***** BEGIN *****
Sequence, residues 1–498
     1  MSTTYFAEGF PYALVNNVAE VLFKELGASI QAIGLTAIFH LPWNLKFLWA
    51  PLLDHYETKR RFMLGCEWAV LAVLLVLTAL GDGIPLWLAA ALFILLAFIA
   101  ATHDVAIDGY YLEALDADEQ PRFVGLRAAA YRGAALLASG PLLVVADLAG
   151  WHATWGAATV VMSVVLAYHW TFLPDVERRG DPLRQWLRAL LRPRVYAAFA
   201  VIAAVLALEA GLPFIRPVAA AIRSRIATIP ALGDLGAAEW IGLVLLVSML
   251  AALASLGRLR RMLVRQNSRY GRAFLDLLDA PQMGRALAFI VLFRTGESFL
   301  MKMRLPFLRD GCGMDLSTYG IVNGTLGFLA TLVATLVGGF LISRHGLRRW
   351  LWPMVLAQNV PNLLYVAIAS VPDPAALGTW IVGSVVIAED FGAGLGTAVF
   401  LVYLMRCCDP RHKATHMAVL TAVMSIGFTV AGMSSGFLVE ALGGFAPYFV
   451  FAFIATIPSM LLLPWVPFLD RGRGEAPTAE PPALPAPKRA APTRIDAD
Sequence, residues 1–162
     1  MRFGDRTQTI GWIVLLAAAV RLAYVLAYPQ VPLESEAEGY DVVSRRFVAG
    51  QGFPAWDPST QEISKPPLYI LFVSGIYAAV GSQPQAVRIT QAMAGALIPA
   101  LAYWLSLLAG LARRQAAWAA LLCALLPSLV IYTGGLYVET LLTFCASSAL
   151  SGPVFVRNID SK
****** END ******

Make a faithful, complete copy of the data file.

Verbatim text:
Sequence, residues 1–498
     1  MSTTYFAEGF PYALVNNVAE VLFKELGASI QAIGLTAIFH LPWNLKFLWA
    51  PLLDHYETKR RFMLGCEWAV LAVLLVLTAL GDGIPLWLAA ALFILLAFIA
   101  ATHDVAIDGY YLEALDADEQ PRFVGLRAAA YRGAALLASG PLLVVADLAG
   151  WHATWGAATV VMSVVLAYHW TFLPDVERRG DPLRQWLRAL LRPRVYAAFA
   201  VIAAVLALEA GLPFIRPVAA AIRSRIATIP ALGDLGAAEW IGLVLLVSML
   251  AALASLGRLR RMLVRQNSRY GRAFLDLLDA PQMGRALAFI VLFRTGESFL
   301  MKMRLPFLRD GCGMDLSTYG IVNGTLGFLA TLVATLVGGF LISRHGLRRW
   351  LWPMVLAQNV PNLLYVAIAS VPDPAALGTW IVGSVVIAED FGAGLGTAVF
   401  LVYLMRCCDP RHKATHMAVL TAVMSIGFTV AGMSSGFLVE ALGGFAPYFV
   451  FAFIATIPSM LLLPWVPFLD RGRGEAPTAE PPALPAPKRA APTRIDAD
Sequence, residues 1–162
     1  MRFGDRTQTI GWIVLLAAAV RLAYVLAYPQ VPLESEAEGY DVVSRRFVAG
    51  QGFPAWDPST QEISKPPLYI LFVSGIYAAV GSQPQAVRIT QAMAGALIPA
   101  LAYWLSLLAG LARRQAAWAA LLCALLPSLV IYTGGLYVET LLTFCASSAL
   151  SGPVFVRNID SK